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类型【址:a g 9 559⒐ v i p】1:李秋菊 大小:67A3Ki7V40039KB 下载:8UbRHpBv70896次
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日期:2020-08-06 18:32:05

1.【址:a g 9 559⒐ v i p】1  "Do you know his abode?"
2.  "Speak, speak, signora," said Albert, "I am listening withthe most intense delight and interest to all you say."
3.  The host sat down, after having made each of them arespectful bow, which meant that he was ready to tell themall they wished to know concerning Luigi Vampa. "You tellme," said Franz, at the moment Signor Pastrini was about toopen his mouth, "that you knew Luigi Vampa when he was achild -- he is still a young man, then?"
4.  "What a wicked-looking, crooked staircase," saidChateau-Renaud with a smile.
5.  "Faith, Franz," whispered Albert, "there is not much to findfault with here."
6.  "No," said Morrel; "is some one dead in his house?"


1.  "No, Hermine," replied Debray; "you cannot make me believethat; on the contrary, you were in excellent spirits whenyou arrived at the count's. M. Danglars was disagreeable,certainly, but I know how much you care for his ill-humor.Some one has vexed you; I will allow no one to annoy you."
2.  In a moment that part of the floor on which Dantes wasresting his two hands, as he knelt with his head in theopening, suddenly gave way; he drew back smartly, while amass of stones and earth disappeared in a hole that openedbeneath the aperture he himself had formed. Then from thebottom of this passage, the depth of which it was impossibleto measure, he saw appear, first the head, then theshoulders, and lastly the body of a man, who sprang lightlyinto his cell.
3.  * Scott, of course: "The son of an ill-fated sire, and thefather of a yet more unfortunate family, bore in his looksthat cast of inauspicious melancholy by which thephysiognomists of that time pretended to distinguish thosewho were predestined to a violent and unhappy death." -- TheAbbot, ch. xxii.
4.  Then following the clew that, in the hands of the AbbeFaria, had been so skilfully used to guide him through theDaedalian labyrinth of probabilities, he thought that theCardinal Spada, anxious not to be watched, had entered thecreek, concealed his little barque, followed the line markedby the notches in the rock, and at the end of it had buriedhis treasure. It was this idea that had brought Dantes backto the circular rock. One thing only perplexed Edmond, anddestroyed his theory. How could this rock, which weighedseveral tons, have been lifted to this spot, without the aidof many men? Suddenly an idea flashed across his mind.Instead of raising it, thought he, they have lowered it. Andhe sprang from the rock in order to inspect the base onwhich it had formerly stood. He soon perceived that a slopehad been formed, and the rock had slid along this until itstopped at the spot it now occupied. A large stone hadserved as a wedge; flints and pebbles had been insertedaround it, so as to conceal the orifice; this species ofmasonry had been covered with earth, and grass and weeds hadgrown there, moss had clung to the stones, myrtle-bushes hadtaken root, and the old rock seemed fixed to the earth.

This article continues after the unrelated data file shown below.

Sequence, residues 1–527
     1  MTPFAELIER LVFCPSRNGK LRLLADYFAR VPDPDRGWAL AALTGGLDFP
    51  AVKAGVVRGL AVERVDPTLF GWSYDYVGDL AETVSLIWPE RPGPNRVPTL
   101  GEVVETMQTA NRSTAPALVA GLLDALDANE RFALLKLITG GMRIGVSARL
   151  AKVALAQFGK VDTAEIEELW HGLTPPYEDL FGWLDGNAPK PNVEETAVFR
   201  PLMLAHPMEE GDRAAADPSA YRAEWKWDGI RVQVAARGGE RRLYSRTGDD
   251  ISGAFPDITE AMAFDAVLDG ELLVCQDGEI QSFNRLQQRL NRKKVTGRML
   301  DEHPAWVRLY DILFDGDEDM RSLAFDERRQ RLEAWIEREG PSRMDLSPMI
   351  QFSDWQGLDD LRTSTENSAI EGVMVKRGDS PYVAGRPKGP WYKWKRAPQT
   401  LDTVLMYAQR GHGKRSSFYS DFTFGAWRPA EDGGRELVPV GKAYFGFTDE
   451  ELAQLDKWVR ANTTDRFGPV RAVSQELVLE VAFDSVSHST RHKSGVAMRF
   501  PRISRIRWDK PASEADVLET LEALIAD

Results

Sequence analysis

5.  "I," cried the steward with a strange expression. "Hisexcellency did not charge me to purchase this house. If hisexcellency will recollect -- if he will think" --
6.  "No, no, Albert, but you know these roses, tuberoses, andorange-flowers throw out at first, before one is used tothem, such violent perfumes."


1.  "Vampa put the two sequins haughtily into his pocket, andslowly returned by the way he had gone. As he came withintwo or three hundred paces of the grotto, he thought heheard a cry. He listened to know whence this sound couldproceed. A moment afterwards he thought he heard his ownname pronounced distinctly. The cry proceeded from thegrotto. He bounded like a chamois, cocking his carbine as hewent, and in a moment reached the summit of a hill oppositeto that on which he had perceived the traveller. Three criesfor help came more distinctly to his ear. He cast his eyesaround him and saw a man carrying off Teresa, as Nessus, thecentaur, carried Dejanira. This man, who was hasteningtowards the wood, was already three-quarters of the way onthe road from the grotto to the forest. Vampa measured thedistance; the man was at least two hundred paces in advanceof him, and there was not a chance of overtaking him. Theyoung shepherd stopped, as if his feet had been rooted tothe ground; then he put the butt of his carbine to hisshoulder, took aim at the ravisher, followed him for asecond in his track, and then fired. The ravisher stoppedsuddenly, his knees bent under him, and he fell with Teresain his arms. The young girl rose instantly, but the man layon the earth struggling in the agonies of death. Vampa thenrushed towards Teresa; for at ten paces from the dying manher legs had failed her, and she had dropped on her knees,so that the young man feared that the ball that had broughtdown his enemy, had also wounded his betrothed. Fortunately,she was unscathed, and it was fright alone that had overcomeTeresa. When Luigi had assured himself that she was safe andunharmed, he turned towards the wounded man. He had justexpired, with clinched hands, his mouth in a spasm of agony,and his hair on end in the sweat of death. His eyes remainedopen and menacing. Vampa approached the corpse, andrecognized Cucumetto. From the day on which the bandit hadbeen saved by the two young peasants, he had been enamouredof Teresa, and had sworn she should be his. From that timehe had watched them, and profiting by the moment when herlover had left her alone, had carried her off, and believedhe at length had her in his power, when the ball, directedby the unerring skill of the young herdsman, had pierced hisheart. Vampa gazed on him for a moment without betraying theslightest emotion; while, on the contrary, Teresa,shuddering in every limb, dared not approach the slainruffian but by degrees, and threw a hesitating glance at thedead body over the shoulder of her lover. Suddenly Vampaturned toward his mistress: -- `Ah,' said he -- `good, good!You are dressed; it is now my turn to dress myself.'